A cryptocurrency trading firm and its principal have been fined as well as banned from any future trading in digital assets in a case filed by the Commodity Futures Trading Commission (CFTC).
In the landmark case targeting Cabbage Tech aka Coin Drop Markets and the firm’s principal, Patrick K. McDonnell, the New York Eastern District Court on Wednesday sided with the CFTC, who had accused the defendants of defrauding clients.
Initially reported by Law 360, U.S. District Judge Jack Weinstein ruled that Cabbage Tech and McDonnell flouted the Commodity Exchange Act by engaging in “egregious intentional violations” of federal regulations and law.
Besides a permanent injunction being slapped on the defendants, the defendants will also be required to pay a fine of approximately $1,161,716 – $871,287 in penalties and $290,429 in restitution.
According to Judge Weinstein, the evidence that was presented before the court proved that Cabbage Tech and McDonnell engaged in a fraudulent scheme last year between January and July. Among the revelations included the fact that while McDonnell gave the impression that Cabbage Tech was a successful firm with several employees and offices, it was, in fact, a one-man operation fully-owned and run by the principal from a home basement in Staten Island, New York.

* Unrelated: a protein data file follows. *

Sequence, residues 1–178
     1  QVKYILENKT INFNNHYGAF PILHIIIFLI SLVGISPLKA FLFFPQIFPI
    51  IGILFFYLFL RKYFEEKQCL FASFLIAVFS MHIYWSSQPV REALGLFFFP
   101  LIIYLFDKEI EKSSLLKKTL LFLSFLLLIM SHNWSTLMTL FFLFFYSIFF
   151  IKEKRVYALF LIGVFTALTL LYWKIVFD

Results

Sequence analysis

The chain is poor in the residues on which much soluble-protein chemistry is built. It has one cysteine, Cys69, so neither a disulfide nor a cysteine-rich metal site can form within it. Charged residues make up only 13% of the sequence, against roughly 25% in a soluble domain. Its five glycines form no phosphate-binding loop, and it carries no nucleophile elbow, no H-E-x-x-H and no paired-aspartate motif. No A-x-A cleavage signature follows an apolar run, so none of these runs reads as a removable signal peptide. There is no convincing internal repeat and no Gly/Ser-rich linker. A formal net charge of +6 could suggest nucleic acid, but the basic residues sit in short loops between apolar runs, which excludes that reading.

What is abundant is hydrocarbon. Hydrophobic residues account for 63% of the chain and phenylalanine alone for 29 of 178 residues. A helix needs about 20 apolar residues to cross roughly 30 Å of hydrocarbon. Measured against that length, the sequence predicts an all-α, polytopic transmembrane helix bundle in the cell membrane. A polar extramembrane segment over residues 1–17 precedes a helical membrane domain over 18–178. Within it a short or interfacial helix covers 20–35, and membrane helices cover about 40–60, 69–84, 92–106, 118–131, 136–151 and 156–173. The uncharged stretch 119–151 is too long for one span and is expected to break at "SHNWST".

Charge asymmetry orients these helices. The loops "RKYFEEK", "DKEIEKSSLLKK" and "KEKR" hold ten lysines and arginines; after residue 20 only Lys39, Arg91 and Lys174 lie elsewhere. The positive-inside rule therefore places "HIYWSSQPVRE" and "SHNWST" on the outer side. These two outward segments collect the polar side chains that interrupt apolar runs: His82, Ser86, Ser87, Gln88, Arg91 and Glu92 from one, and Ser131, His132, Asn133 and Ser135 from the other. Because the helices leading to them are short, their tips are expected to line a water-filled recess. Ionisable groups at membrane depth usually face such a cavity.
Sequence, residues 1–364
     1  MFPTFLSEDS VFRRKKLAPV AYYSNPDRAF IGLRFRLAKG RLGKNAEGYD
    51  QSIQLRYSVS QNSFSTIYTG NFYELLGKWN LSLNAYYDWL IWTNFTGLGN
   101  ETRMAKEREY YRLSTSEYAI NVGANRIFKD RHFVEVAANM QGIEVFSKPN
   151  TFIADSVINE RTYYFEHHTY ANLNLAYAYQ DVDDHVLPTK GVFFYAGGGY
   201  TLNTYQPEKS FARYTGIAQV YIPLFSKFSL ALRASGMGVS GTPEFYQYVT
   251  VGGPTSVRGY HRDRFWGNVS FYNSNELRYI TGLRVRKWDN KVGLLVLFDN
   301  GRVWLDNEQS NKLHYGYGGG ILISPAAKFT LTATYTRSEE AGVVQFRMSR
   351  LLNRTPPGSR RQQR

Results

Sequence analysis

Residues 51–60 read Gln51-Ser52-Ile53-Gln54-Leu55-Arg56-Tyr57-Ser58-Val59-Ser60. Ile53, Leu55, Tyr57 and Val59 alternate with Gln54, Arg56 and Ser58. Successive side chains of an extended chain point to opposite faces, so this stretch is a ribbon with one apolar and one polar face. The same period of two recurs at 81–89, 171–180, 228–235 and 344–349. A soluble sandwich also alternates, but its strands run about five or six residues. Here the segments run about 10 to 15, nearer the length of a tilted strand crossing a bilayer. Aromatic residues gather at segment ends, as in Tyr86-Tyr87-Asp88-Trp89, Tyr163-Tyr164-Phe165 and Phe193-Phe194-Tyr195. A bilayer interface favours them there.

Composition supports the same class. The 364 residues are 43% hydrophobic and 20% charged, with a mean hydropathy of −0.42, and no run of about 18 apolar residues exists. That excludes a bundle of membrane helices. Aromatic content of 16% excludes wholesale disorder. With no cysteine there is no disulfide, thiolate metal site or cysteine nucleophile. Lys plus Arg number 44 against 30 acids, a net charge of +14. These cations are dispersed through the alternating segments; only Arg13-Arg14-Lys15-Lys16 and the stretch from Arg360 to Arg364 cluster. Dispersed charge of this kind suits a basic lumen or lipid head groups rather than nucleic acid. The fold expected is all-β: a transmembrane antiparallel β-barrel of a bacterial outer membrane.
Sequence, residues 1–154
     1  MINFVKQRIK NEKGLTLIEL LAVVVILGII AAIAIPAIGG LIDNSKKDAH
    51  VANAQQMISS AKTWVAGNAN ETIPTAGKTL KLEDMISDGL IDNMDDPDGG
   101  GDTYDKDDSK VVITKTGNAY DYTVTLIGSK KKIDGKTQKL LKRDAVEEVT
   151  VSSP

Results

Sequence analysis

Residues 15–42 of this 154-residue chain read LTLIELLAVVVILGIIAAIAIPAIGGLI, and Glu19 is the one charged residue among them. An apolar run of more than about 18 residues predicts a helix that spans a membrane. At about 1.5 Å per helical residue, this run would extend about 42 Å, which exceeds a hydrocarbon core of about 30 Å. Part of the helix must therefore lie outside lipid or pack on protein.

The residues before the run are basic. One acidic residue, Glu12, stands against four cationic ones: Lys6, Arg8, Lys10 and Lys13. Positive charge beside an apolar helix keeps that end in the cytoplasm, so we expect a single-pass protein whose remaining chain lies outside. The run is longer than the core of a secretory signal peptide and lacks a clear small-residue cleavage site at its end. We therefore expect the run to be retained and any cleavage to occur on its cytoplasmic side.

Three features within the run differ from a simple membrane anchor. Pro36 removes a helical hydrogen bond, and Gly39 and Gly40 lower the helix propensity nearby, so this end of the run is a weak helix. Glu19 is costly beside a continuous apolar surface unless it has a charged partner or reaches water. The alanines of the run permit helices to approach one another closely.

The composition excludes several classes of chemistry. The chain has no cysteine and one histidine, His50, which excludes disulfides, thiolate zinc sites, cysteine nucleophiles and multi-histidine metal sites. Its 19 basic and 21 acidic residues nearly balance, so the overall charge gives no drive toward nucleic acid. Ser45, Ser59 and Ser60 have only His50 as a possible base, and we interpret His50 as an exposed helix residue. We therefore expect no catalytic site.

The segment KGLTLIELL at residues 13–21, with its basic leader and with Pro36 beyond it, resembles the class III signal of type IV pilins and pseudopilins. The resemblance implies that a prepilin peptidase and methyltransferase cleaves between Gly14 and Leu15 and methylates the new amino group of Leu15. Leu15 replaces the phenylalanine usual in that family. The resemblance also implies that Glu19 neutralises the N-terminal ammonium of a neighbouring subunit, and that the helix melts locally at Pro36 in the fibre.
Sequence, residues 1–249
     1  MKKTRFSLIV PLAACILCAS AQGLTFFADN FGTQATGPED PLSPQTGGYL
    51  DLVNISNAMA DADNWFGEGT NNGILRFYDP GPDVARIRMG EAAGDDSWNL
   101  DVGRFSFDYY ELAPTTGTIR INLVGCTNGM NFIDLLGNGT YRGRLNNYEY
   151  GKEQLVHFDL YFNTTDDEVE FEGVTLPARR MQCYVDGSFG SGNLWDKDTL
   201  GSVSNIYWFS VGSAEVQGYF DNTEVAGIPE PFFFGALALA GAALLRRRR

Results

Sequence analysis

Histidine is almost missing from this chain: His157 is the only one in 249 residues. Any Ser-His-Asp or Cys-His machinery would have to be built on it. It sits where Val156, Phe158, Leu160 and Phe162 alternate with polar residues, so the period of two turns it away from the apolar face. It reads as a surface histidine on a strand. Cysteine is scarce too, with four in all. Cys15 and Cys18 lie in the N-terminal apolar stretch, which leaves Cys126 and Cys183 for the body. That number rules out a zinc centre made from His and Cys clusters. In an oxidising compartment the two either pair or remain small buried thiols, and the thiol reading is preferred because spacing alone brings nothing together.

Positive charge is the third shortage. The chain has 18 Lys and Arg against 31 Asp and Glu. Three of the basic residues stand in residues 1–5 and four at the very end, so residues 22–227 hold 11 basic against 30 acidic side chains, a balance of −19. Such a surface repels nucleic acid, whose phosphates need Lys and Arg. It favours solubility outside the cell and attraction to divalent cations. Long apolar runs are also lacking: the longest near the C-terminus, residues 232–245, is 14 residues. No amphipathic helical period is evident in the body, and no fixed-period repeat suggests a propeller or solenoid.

The scheme came to an end last year in June when McDonnell claimed that Coin Drop Markets had been hacked before posting a message on the firm’s website indicating that, as a result of the attack, it would be suspending its services. However, the court found that no hacking took place and it was the defendant who shut down the site as well as other digital properties before cutting off communication with clients.
As CCN.com reported earlier in the year, the CFTC brought the case against Cabbage Tech in January, alleging that the defendants had promised to offer trading advice to customers only to end up stealing from them.
“As alleged, the Defendants here preyed on customers interested in Bitcoin and Litecoin, promising them the opportunity to get the inside scoop on the next new thing and to benefit from the trading acumen of a supposed expert,” the Director of Enforcement at the CFTC, James McDonald, said at the time. “In reality, as alleged, customers only bought into the Defendants’ fraudulent scheme.”
During the litigation period, McDonnell appeared pro se (on his own behalf) since he claimed he couldn’t afford a lawyer. This was despite attempts by the court to impress upon him the need for counsel.
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